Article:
For Warren and Booker, conscious that their politics often overlap with a strain of social-justice preaching popular in mainline Protestantism, the conference offered an opportunity to connect liberal faith with potential votes.
Booker in particular has been no stranger to faith gatherings of late. He was the keynote speaker at the National Baptist Conference USA meeting in January and demonstrated last year with the Rev. William Barber II and others on the religious left against GOP efforts to repeal the Affordable Care Act.
Booker’s comfort with God talk was evident at Metropolitan AME as he paced back and forth in front of the crowd for roughly 45 minutes, speaking without notes.
“I have a saying: Before you tell me about your religion, first show it to me in how you treat other people around you,” he said. “I think faith demands a humility, not just before God, but really before others.”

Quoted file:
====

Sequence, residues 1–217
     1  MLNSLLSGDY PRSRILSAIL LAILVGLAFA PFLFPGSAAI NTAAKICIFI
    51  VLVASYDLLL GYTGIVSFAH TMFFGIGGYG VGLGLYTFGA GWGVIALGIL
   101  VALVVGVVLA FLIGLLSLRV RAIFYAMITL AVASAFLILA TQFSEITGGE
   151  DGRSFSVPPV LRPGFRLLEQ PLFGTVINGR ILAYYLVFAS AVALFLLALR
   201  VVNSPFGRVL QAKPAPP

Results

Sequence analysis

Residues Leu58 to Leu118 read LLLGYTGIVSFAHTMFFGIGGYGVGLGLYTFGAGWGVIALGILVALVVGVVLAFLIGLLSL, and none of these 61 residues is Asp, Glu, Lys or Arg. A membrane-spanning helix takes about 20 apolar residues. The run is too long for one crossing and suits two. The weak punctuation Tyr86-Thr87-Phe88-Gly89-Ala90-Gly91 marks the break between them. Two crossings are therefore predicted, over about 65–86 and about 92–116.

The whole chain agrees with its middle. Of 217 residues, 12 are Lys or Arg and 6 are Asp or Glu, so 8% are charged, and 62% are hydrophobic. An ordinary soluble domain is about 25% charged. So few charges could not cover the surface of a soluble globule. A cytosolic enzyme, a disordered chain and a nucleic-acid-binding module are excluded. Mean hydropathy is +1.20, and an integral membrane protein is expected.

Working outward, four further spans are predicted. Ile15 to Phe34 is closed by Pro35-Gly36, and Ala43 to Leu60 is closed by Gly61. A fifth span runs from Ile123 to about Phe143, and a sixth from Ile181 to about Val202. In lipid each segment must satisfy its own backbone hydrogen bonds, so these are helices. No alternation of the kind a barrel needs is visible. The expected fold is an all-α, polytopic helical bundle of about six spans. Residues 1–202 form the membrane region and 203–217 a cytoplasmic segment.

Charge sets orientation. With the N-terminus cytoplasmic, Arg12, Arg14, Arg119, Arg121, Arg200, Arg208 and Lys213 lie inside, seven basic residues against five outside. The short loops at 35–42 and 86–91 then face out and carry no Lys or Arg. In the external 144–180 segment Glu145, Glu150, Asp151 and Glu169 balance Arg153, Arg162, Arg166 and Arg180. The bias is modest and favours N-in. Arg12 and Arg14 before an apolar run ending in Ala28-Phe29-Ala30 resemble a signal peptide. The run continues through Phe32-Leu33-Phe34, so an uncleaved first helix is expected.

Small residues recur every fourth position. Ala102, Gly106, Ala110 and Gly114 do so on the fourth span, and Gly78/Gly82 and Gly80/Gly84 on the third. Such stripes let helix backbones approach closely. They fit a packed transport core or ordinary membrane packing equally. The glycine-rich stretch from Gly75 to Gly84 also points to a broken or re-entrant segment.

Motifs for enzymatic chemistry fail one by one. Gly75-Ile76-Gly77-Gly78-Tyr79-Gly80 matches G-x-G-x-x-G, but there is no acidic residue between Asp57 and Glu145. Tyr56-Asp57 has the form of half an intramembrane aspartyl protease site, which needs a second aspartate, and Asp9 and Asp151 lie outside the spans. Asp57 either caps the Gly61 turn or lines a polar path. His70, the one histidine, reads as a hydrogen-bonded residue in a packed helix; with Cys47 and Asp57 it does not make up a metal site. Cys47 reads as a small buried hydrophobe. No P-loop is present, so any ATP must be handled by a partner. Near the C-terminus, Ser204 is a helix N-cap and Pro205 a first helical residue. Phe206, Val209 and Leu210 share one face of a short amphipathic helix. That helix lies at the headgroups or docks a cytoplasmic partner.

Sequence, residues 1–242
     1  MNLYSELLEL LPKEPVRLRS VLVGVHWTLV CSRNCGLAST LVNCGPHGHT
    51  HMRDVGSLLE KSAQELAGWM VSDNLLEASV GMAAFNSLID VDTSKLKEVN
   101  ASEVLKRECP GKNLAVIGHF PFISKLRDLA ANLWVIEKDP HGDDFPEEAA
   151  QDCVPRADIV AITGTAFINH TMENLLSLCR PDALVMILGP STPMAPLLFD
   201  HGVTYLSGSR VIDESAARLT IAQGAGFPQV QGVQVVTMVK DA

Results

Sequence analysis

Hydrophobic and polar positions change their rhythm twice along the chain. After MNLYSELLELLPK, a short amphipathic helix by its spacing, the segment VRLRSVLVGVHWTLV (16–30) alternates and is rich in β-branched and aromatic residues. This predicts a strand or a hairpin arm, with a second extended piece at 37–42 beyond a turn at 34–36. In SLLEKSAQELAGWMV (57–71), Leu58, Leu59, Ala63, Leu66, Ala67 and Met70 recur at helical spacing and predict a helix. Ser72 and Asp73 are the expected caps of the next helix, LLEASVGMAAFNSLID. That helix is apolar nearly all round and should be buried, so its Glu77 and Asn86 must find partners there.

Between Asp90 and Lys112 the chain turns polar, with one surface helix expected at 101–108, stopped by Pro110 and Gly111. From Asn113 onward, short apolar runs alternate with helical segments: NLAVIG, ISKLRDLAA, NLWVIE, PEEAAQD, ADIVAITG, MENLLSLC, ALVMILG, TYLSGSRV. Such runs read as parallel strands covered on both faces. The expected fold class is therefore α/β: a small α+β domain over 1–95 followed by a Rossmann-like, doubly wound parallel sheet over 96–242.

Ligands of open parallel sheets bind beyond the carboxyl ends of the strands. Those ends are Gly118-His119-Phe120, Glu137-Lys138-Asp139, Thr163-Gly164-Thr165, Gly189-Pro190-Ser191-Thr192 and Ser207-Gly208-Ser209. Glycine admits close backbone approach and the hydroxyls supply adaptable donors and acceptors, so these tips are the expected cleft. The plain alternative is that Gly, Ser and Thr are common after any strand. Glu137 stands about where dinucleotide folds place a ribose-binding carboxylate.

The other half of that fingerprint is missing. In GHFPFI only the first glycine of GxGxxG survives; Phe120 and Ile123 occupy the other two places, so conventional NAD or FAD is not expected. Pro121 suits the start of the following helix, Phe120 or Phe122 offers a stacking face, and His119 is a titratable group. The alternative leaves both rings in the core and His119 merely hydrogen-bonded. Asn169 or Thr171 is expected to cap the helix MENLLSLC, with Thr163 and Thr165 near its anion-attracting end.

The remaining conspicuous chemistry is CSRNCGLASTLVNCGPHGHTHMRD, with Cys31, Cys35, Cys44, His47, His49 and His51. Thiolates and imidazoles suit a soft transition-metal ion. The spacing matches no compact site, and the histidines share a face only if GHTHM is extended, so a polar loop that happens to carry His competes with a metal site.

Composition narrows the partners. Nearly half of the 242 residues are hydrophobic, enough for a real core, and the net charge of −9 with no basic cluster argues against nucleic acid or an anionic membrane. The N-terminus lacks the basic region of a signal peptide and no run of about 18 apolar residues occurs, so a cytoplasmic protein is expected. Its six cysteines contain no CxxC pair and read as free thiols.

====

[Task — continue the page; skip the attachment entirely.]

Booker then pivoted to a discussion of various policy issues such as mass incarceration, poverty, paid family leave and environmental degradation.
“These are not political issues. These are moral issues,” he said, over shouts of “amen.” He later added: “This is a moral moment in America, where self-inflicted wounds are costing us not just humanity. … They’re costing us resources. And a lot of it stems from how we look at each other.”
Booker bemoaned the political divisions in the country, recounting criticism he received from fellow Democrats when he publicly hugged fellow Sen. John McCain, R-Ariz., after learning of McCain’s cancer diagnosis.
“Have we got to the point where we’re demonizing God’s creation?” he said, his voice rising.